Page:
As can best be appreciated by reference to FIGS. 1, and 4, the roller member 30 is used to transport the apparatus 10 along the roof surface to a desired location; however, in order to deliver compressed gas through the outboard end of the handle member 20 the hand grip element 26 must be grasped and forced downwardly to raise the floating axle 31 on the roller member 30 into contact with the safety trip switch 50 whereby the actuation of the trigger mechanism 22 can be effectively employed to deliver the compressed gas to the lifter unit 13.
Turning now to FIGS. 2, 4, and 5, it can be seen that the lifter unit 13 comprises in general, a lifter blade 40 having a serrated leading edge 41. The trailing end of the lifter blade 40 is provided with a pair of generally L-shaped lifter arms 42.
In addition, the inboard ends of the lifter arms 42 are pivotally connected to rotatable end caps 44 that are mounted on the opposite ends of a pneumatically charged cylinder 45 having an internal mechanism (not shown) for imparting counter clockwise rotating movement to the end caps 44 to force the leading edge 41 of the lifting blade 40 under the shingles 60 and then upwardly to detach the shingles 60 from the surface of a roof 61.
By now it should be appreciated that the shingle removing apparatus 10 of this invention may be easily maneuvered on a roof surface 61 by virtue of the roller 30 to position the leading edge 41 of the lifter blade 40 under a shingle 60. Then once the lifter blade 40 is in place, the operator will force the handle member 20 downwardly by use of the hand grip element 26 thereby depressing the floating roller axle 31 upwardly relative to the framework element 24 to activate the trip switch 50 and enable the handle trigger mechanism to deliver compressed gas to the pneumatically charged cylinder 45.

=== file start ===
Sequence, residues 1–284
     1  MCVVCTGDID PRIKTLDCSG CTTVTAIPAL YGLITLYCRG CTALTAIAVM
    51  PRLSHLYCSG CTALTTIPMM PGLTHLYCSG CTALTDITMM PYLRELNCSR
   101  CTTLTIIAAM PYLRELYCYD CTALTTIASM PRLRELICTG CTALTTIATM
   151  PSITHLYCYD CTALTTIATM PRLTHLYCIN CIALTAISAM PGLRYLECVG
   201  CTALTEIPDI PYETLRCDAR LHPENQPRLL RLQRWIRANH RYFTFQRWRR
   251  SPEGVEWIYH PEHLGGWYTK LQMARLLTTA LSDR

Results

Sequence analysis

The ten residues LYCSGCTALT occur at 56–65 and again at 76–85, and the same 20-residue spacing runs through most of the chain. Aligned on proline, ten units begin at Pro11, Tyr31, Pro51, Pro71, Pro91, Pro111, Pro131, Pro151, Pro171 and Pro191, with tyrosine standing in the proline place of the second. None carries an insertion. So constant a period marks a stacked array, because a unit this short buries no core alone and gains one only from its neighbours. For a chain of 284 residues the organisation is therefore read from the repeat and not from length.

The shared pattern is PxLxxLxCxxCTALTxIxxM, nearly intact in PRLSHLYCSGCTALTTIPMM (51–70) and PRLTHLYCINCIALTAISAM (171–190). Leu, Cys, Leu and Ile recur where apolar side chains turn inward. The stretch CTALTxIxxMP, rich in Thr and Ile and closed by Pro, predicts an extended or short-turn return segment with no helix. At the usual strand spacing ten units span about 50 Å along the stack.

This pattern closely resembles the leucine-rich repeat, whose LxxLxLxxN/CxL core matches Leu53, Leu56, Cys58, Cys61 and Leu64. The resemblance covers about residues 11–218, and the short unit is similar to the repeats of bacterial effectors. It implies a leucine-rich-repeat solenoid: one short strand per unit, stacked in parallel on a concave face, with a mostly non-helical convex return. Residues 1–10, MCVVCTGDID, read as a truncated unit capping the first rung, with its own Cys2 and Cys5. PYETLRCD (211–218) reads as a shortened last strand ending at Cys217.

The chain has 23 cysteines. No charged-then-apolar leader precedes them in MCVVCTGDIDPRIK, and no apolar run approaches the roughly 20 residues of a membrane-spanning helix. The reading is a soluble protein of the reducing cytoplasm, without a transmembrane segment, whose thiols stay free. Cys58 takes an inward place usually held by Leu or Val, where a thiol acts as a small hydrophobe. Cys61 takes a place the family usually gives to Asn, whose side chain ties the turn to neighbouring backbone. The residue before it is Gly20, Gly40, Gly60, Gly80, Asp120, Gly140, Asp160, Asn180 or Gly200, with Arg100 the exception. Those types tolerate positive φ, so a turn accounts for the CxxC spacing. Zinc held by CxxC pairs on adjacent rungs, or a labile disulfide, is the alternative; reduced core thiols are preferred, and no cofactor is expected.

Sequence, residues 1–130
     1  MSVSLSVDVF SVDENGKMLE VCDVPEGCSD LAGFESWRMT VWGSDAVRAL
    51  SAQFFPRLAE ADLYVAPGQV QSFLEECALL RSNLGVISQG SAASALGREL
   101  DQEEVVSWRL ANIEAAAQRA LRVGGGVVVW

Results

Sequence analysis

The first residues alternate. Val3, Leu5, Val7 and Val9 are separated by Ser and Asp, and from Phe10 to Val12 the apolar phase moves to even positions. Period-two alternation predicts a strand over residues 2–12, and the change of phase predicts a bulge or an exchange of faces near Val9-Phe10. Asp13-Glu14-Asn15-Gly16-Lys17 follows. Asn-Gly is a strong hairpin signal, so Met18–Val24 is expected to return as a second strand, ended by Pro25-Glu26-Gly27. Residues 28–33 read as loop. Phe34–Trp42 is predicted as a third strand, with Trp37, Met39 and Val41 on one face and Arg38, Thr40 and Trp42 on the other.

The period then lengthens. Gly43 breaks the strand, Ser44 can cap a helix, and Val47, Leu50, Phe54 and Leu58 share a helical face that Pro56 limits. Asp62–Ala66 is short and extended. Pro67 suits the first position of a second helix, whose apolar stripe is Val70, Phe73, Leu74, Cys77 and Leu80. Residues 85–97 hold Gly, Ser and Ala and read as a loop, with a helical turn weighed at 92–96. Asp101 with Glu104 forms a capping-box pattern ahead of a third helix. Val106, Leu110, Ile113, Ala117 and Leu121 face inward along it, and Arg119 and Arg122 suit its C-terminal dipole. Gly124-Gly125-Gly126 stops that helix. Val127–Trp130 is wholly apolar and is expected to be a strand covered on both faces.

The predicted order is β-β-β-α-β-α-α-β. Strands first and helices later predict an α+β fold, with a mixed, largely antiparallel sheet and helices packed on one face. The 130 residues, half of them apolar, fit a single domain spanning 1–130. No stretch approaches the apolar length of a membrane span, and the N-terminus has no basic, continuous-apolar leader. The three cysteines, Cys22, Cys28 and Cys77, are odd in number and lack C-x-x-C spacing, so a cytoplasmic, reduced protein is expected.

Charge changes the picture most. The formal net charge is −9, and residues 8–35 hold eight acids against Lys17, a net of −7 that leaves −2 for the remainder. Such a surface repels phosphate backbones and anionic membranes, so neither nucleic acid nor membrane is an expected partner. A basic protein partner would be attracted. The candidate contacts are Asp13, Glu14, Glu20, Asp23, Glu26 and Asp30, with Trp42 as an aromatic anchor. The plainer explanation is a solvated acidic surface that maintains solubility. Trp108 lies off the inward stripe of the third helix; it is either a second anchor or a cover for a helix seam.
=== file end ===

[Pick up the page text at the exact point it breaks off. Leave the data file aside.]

The compressed gas entering the cylinder 45 will then cause the end caps 44 to rotate thereby imparting a lifting motion to the lifter blade 40 to detach the shingles 60 from the roof 61 in a well recognized manner.
Although only an exemplary embodiment of the invention has been described in detail above, those skilled in the art will readily appreciate that many modifications are possible without materially departing from the novel teachings and advantages of this invention. Accordingly, all such modifications are intended to be included within the scope of this invention as defined in the following claims.
|Cited Patent||Filing date||Publication date||Applicant||Title|
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|Citing Patent||Filing date||Publication date||Applicant||Title|
|US6467377 *||Jan 22, 2001||Oct 22, 2002||Sven E. Kersting||Pneumatic stripping machine|
|US7036395 *||Apr 5, 2004||May 2, 2006||Michael Sapienza||Roofing tool|
|US7685909 *||May 30, 2008||Mar 30, 2010||Jones Ryan S||Powered shingle ripper|
|US9062458||Apr 15, 2013||Jun 23, 2015||Berrian Ruble Llc||Material removal tool|
|US20040194583 *||Apr 5, 2004||Oct 7, 2004||Michael Sapienza||Roofing tool|
|US20050120831 *||Dec 3, 2003||Jun 9, 2005||Parker Thomas W.||Roof ripper|
|US20130125712 *||May 23, 2013||Ken Yadlowsky||Shingle Removal Tool|
|Apr 18, 2003||FPAY||Fee payment|
Year of fee payment: 4
|Jun 7, 2007||REMI||Maintenance fee reminder mailed|
|Nov 23, 2007||LAPS||Lapse for failure to pay maintenance fees|
|Jan 15, 2008||FP||Expired due to failure to pay maintenance fee|
Effective date: 20071123